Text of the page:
31 Days of Halloween — Day 24: Contracted (2013) — by Dr. Shock

hmp-contractedEditor’s note: Dave “Dr. Shock” Becker is a host on Horror Movie Podcast and the Land of the Creeps horror podcast. He is also the mastermind behind DVDInfatuation.com, a movie review blog where he is watching and posting one review every day until he reaches at least 2,500 movie reviews. Follow Doc on Twitter: @DVDinfatuation.

When done right, Body Horror can be one of horror’s more disturbing sub genres. Over the years, directors such as David Cronenberg (Videodrome, The Brood, The Fly) and Stuart Gordon (Re-Animator, From Beyond) have proven themselves masters of this particular subgenre, while movies like Altered States, Street Trash, Body Melt, and The Human Centipede have taken Body Horror in some stylish, and occasionally quite disgusting, new directions. With 2013’s Contracted, writer / director Eric England throws his hat into the Body Horror ring by relating the unique story of a young woman who, after contracting a disease during unprotected sex with a stranger, must deal with the terrifying fact that her body is disintegrating at a rapid pace.
It all started when Samantha (Najarra Townsend), trying to get her mind off her troubled romance with Nikki (Katie Stegman), attends a party thrown by her good friend Alice (Alice Macdonald). While there, Samantha is drugged by a guy who says his name is “B.J.” (Simon Barrett), and before she knows what’s hit her, she is in a car having sex with this mysterious individual. Over the next several days, Samantha suffers the consequences of this encounter time and again when her body begins to fall apart.

Her mother (Caroline Williams) is convinced that Samantha is back on drugs (a habit she kicked some time earlier), while the doctor (Ruben Pla) has no idea what to make of her sudden deterioration. What’s worse, Samantha learns that the police are searching for B.J. as well as anyone who may have come into contact with him. Frightened and confused, Samantha tries everything from ski caps to make-up to hide her condition, all the while wondering whether or not there’s a cure for what appears to be a life-or-death struggle against her own body.

Contracted has its share of repugnant scenes, almost all of which revolve around the lead’s “illness”. The morning after the party, Samantha awakens in a dazed state, wondering how she got back home, and is further concerned by the discovery of a pool of blood under the covers. This is nothing, however, compared to the terror that awaits her (the scene in which her eyeballs start to bleed was troubling enough, but pales in comparison to what Samantha finds while applying a lotion to a rash between her legs), and director England ensures that we’re subjected to every nauseating detail.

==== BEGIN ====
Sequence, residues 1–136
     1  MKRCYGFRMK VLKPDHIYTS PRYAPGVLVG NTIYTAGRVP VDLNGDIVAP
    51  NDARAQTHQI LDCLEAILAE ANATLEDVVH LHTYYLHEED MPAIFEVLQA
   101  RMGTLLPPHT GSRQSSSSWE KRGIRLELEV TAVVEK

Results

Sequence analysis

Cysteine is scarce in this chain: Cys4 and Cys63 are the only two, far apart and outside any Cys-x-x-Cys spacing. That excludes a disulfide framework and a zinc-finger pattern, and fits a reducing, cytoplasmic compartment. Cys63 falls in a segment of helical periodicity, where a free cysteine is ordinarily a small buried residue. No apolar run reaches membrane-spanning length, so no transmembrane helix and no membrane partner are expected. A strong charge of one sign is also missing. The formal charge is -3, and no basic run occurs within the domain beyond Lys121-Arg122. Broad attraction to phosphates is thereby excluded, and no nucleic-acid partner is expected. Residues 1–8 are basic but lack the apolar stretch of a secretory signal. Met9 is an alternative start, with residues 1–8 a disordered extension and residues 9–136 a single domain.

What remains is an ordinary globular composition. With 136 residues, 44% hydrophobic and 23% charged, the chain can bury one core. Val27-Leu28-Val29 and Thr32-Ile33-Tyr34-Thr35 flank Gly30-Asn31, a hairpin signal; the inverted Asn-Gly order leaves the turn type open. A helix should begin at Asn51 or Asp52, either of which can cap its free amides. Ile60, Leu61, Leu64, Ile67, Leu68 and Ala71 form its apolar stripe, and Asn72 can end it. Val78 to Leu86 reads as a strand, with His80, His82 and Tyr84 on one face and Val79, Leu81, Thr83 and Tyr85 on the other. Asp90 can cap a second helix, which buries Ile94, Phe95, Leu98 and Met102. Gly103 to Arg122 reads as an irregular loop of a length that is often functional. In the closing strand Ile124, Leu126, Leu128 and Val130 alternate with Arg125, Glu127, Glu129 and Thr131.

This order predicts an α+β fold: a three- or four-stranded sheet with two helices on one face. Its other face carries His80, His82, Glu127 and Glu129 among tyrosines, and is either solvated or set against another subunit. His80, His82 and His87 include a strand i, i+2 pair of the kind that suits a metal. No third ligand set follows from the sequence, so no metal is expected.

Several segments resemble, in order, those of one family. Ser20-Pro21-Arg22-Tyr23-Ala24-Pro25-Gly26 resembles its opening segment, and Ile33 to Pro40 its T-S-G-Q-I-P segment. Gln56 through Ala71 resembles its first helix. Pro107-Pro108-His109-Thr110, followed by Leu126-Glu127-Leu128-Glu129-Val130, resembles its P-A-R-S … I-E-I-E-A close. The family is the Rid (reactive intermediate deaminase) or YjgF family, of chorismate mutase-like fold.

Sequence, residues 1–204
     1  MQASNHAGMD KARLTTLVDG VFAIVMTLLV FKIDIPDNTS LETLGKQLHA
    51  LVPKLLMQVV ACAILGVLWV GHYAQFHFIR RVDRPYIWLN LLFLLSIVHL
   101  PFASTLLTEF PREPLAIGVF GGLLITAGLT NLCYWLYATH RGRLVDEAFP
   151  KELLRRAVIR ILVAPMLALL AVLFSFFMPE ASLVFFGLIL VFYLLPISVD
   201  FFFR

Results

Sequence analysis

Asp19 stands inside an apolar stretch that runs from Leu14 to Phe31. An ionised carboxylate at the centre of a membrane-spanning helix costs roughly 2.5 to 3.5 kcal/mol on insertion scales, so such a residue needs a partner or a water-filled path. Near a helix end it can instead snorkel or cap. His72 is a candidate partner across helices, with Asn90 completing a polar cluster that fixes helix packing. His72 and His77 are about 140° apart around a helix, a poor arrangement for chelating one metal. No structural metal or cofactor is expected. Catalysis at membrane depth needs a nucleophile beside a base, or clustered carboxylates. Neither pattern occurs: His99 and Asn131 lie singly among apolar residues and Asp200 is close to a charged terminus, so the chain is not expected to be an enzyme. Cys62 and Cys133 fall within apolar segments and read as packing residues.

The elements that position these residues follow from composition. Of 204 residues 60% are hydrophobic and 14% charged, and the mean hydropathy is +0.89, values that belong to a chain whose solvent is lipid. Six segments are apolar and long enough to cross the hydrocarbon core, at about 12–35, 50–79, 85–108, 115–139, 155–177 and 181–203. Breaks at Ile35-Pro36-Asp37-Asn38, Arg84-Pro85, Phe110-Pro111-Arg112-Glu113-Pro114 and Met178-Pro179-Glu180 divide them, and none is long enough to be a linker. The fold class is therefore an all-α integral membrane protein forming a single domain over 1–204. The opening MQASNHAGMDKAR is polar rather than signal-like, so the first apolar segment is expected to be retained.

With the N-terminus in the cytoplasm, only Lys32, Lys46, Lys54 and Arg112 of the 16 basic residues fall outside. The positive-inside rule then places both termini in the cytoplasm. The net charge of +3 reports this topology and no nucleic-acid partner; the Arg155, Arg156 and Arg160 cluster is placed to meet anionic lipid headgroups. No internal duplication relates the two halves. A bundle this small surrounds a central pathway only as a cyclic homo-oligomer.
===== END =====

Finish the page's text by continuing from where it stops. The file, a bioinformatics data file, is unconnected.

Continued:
Najarra Townsend delivers a passionate performance as Samantha, who, over the course of the movie deals with emotional issues as well as physical trauma (even when her body starts to deteriorate, Samantha’s desire to reconnect with Nikki is never far from her mind), and Caroline Williams is equally good as the mother who can’t seem to resist judging her daughter’s every action. And while some may have issues with the lead character’s questionable behavior towards the end of the film, Contracted is, at all times, a fine example of Body Horror at its most gruesome.

— Dr. Shock

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4 thoughts on “31 Days of Halloween — Day 24: Contracted (2013) — by Dr. Shock


    Day 24 – Texas Chainsaw 3D (2013)

    Despite being a fan of the Chainsaw films, this was the first time I had gotten around to seeing the (For now) most recent Leatherface movie. While the series has never been perfect, and certainly was never concerned with continuity, I’d say for the most part the Leatherface series has been mostly enjoyable. The original film from 1974 is without question, a horror classic. It’s a movie that with each view, I pick up something new or look at it from a different perspective. The first sequel from 1986 changed the tone and created a stupid, yet really fun follow-up with plenty of great gore. Leatherface, the third movie, is one I consider to be greatly underrated, although the forced edits by the MPAA did hurt the movie some. I’ve only watched Texas Chainsaw Massacre: The Next Generation once and I’m perfectly content with not watching it again any time soon. The less memory I have of it, the better. The 2003 remake was not only really good, but I’d claim it played a huge role in the remake craze that took over the world of horror in 2000. Finally, the follow-up to the remake in 2006 was a bit pointless, but it was an excuse to see Leatherface again and it wasn’t an embarrassment like TCM: The Next Generation.

    As for 2013’s Texas Chainsaw 3D, I feel you can break the movie down into two halves with an exposition filled transitional segment combining the two. The first part was yet another re-telling of young adults driving a van in Texas while picking up a mysterious hitchhiker. I’d compare it to both Leatherface and TCM: The Beginning where it’s just an excuse to see Leatherface do his thing again and I’m just fine with that. To the credit to the filmmakers, they did a swell job at keeping Leatherface in the shadows or rarely showing him during this period. It was all about keeping Leatherface mysterious. There were a couple of times during this first half where Leatherface jumped out and made me jump. Furthermore, this first half made me really curious about what was behind Leatherface’s big metal door that they refused to show the audience. It was all about having to wait to see what was behind the door.